It has been over a year since Russ Smith was our NBA Draft Prospect of the Week
(click to watch video scouting report) and one of college basketball's more unique prospects took another giant leap forward in his development. Known previously as a loose canon without point guard instincts, Smith averaged 24 points and 6 assists per-40 minutes as a senior, showcasing new-found versatility and playmaking skills, while leading Louisville to a top-5 AP ranking and a Sweet Sixteen run in the NCAA Tournament.
Individually, Smith was named First Team AP All-American and was a finalist for National Player of the Year, capping off an impressive college career that was nothing short of russdiculous
. Yet, most scouts project him as a second round pick and, despite his significant improvement, there is little consensus on what he can offer an NBA team at this stage.
Some of that has to do with his size. Standing just 6-0, with a rail thin 165-pound frame, Smith ranks as the eighth most prolific
scorer in our top-100 prospect rankings, posting an impressive 23.9 points per 40 minutes pace adjusted. Furthermore, Smith made a career high 52% of shots from inside of the arc and 39% from 3-point range, up from 46% 2P% and 33% 3P% as a junior.
On film, Smith plays a fearless, albeit reckless, style of basketball. Making him particularly dangerous is the fact that he can score inside and out, off the dribble and from a standstill, while possessing elite quickness, agility, and explosiveness.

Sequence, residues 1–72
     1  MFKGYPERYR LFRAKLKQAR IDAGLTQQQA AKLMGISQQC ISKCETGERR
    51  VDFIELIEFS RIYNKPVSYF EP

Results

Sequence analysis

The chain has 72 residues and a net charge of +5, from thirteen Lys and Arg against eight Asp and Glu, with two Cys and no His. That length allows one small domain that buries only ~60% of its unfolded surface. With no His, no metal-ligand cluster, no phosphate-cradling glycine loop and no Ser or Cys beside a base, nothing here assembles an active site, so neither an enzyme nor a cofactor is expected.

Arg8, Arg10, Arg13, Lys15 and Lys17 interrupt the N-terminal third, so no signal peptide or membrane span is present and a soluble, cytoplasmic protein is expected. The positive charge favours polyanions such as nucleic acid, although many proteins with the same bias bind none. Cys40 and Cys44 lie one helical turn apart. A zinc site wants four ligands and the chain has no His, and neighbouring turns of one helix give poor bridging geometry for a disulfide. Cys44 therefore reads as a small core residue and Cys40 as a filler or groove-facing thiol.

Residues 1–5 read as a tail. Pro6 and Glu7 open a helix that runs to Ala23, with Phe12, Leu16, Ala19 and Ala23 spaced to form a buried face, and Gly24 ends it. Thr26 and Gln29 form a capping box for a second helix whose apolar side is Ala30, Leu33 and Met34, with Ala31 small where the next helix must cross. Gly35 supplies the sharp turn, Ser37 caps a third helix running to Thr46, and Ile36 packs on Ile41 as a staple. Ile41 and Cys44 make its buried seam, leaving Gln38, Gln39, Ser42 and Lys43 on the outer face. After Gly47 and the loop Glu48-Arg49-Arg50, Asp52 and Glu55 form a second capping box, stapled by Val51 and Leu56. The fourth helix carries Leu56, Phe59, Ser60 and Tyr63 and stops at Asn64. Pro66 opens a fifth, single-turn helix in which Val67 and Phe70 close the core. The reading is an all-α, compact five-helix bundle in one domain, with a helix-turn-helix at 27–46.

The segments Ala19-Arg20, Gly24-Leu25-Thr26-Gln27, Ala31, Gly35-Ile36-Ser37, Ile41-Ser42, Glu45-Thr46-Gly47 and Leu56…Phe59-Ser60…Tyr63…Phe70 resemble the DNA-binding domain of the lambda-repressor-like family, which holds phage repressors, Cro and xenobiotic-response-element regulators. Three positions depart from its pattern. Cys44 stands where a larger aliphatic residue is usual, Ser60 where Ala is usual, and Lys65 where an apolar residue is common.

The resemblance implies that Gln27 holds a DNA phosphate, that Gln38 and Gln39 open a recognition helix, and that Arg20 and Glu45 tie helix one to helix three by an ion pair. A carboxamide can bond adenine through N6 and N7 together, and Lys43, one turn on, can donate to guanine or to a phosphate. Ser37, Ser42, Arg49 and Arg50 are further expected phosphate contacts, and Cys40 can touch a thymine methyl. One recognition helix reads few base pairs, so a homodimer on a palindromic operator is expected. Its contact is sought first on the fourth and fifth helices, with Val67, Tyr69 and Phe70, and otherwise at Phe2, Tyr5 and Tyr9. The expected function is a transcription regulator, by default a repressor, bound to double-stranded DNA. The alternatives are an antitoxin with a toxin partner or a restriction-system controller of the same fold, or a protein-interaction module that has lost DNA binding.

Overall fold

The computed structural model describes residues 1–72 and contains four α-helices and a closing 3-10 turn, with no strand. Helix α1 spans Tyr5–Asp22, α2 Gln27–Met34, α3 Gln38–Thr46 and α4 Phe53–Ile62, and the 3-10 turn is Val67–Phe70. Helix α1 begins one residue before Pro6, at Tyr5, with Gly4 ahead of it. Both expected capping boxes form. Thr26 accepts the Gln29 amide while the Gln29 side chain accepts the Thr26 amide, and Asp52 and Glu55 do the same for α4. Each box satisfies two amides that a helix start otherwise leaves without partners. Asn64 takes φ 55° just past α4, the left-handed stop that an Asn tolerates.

Perhaps most notably, he added perimeter shooting as a consistent part of his offensive repertoire, making 39% of his many 3-point attempts and 40% of his overall catch-and-shoot attempts. Unsurprisingly, he took and made more shots while guarded and showed a knack for finding looks off the dribble. His shooting mechanics are inconsistent, however, and he still shows a tendency to fade away, kick out his feet, and shorten his follow-through with a defender in his face, running off screens, and shooting outside of his range. His shot selection will need to continue to improve, as he still is all too fond of tossing up bad shots out of rhythm. His shooting mechanics do look good with his feet set and in space, however, suggesting that he can continue to improve in this area.
Smith remains a dynamic player in transition, using his speed to push the ball up the floor and darting effortlessly through traffic on his way to the basket. Likewise, he also polished his half-court skills, showing an excellent first step and agility while continuing to hone his instincts operating out of the pick-and-roll. While he continues to struggle as a finisher around the basket, he at least made strides in this area as a senior, making 50.4% of shots around the basket, up from 44.8% as a junior. Furthermore, Smith subtly adapted to his size and strength limitations, showcasing a much-improved floater, utilizing better body control and restraint, and even occasionally finding open teammates.